What Harlie lacked in goodness she more than made up for with what I can only inadequately call a zest for life.
Because of her inbreeding, Harlie suffered from myriad health problems. She took daily medication for Addison's disease. She had major dental problems that required her to wear a plastic cone on her head for four months. In a typical Harlie move, the day that the cone was removed, she chomped on a rock in the back yard, breaking her healing jaw. Said jaw was wired shut, the cone reinstalled, and I had to feed her through a stomach tube for the next three months.
Yet, through all of this, she attempted to hunt squirrels.
Finally, Harlie developed a truly horrible condition know as protein losing enteropathy. After local vets were unable to determine the cause, she was transferred to an intensive care facility in Norwalk. When I went to visit I found her lying shaved, shaking, with IV and feeding tubes. Maybe I should have let her go then, but she rose, and with what little strength she had, walked to the open cage door and stood with her forehead pressed to mine. For another week she endured more testing as well as blood and albumen transfusions. Finally, with no conclusions or hope, I brought her home to die. That night we lay together on the family room couch. Sometimes I would doze and wake to check her breathing. At 6 a.m. surprised to find her still sleeping peacefully, I slipped away to the kitchen to make myself some coffee. I heard a thud and turned, expecting the worst. There was Harlie, standing in the doorway looking for breakfast. For reasons no one could figure out, Harlie recovered much of her strength and lived for another nine months. I was going through a very low point in my life, and maybe she felt that she needed to see me through.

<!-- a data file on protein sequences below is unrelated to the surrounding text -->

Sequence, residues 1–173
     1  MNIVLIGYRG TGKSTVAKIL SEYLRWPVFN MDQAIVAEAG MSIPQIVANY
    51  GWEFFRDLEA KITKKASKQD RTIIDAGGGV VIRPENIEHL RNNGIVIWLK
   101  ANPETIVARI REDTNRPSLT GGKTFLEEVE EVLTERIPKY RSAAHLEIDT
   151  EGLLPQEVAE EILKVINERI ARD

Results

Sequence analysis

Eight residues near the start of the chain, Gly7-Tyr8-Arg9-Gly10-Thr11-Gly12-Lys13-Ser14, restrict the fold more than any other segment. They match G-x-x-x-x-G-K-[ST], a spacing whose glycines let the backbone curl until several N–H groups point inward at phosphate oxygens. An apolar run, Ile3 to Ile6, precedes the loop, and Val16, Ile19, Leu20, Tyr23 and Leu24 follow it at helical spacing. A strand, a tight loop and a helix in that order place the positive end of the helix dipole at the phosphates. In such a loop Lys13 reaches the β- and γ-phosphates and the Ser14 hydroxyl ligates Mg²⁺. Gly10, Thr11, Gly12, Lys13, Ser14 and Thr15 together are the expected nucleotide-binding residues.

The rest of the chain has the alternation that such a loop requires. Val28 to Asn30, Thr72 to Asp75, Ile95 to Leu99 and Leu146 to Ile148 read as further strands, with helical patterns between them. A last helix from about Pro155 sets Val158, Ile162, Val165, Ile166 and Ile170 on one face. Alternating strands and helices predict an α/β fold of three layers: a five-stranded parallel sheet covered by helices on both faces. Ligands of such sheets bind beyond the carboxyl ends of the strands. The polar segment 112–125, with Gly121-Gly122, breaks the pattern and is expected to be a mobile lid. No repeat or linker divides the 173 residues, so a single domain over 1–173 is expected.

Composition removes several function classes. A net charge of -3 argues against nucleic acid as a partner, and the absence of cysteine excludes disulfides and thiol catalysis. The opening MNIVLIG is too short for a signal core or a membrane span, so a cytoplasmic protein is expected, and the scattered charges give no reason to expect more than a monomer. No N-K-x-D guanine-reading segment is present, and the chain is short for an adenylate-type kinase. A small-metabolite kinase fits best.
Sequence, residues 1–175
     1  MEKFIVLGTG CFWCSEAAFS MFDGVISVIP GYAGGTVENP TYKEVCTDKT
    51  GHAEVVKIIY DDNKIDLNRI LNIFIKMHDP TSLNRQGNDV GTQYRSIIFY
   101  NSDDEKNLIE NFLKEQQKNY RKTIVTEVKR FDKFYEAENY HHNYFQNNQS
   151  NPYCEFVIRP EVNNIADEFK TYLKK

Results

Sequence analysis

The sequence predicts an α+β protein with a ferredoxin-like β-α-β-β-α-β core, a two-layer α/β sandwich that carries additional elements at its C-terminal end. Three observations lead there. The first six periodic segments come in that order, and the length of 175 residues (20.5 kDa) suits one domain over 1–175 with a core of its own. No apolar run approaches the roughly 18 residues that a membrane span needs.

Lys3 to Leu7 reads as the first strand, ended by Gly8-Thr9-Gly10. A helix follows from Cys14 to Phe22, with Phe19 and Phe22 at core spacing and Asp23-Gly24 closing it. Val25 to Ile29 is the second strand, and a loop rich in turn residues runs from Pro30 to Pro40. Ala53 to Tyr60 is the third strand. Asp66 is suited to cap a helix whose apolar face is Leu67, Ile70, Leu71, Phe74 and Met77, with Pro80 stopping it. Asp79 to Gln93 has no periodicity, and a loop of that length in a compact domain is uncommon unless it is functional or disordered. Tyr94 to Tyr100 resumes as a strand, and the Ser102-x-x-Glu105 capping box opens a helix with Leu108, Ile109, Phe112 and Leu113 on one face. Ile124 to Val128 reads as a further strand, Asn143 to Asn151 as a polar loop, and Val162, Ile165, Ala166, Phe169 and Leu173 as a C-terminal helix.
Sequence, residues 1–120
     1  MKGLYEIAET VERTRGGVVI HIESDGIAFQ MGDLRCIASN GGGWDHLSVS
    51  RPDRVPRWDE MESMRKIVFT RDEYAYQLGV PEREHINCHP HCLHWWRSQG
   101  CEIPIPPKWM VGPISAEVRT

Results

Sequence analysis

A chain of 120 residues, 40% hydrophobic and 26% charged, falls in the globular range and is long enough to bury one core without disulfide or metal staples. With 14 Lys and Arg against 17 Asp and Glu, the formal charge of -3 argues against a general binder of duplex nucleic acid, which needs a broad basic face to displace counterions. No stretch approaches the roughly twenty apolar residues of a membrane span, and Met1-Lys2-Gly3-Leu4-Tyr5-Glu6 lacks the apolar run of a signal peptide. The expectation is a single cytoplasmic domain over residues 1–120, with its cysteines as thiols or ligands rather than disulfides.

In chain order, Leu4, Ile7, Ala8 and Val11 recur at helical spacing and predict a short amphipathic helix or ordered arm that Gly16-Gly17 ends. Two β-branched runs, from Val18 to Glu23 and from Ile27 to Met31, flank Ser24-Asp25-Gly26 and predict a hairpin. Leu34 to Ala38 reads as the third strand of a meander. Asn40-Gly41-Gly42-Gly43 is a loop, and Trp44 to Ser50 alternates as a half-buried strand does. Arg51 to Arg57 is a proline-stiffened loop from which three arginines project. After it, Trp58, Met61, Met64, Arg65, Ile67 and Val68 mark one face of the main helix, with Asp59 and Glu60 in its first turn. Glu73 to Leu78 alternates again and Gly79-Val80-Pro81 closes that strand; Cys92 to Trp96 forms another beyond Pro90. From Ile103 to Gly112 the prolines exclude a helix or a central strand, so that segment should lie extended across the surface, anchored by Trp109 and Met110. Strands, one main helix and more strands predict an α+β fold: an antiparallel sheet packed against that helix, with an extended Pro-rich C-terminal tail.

Ironically, the night that I returned, feeling renewed, from a retreat in the mountains of North Carolina, Harlie suffered a relapse. The vet offered to keep her for the night, but his office was cold and a storm was coming. Harlie hated both cold and storms, so I brought her home. We sacked out together on the family room couch for the last time.
I've heard the saying that all dogs go to heaven. If there is a heaven, I hope it's true. Heaven needs a dog like Harlie. I picture a heaven full of "good dogs" (think golden retrievers) being about as boring as the human equivalent of folks sitting around on clouds playing harps. When I was a child, my grandmother told me that a flash of lightning was a brief glance into Heaven. Now I like to think it's Harlie dashing through the invisible fence.


Joel Marks said...


Anonymous said...

A neat little story that says as much, or more, about the owner than the dog.

Mary said...

Reminds me of the book, "Marley and Me". I cried while reading your story. Your dog and you were so lucky to have each other. I have a dog who has had multiple (and expensive) health problems. Like you, there was never a second thought about taking care of her and doing all we could do to help her. The love of a dog can't be measured.They love you unconditionally, and a good dog owner feels the same. Treasure your memories of your beloved dog!v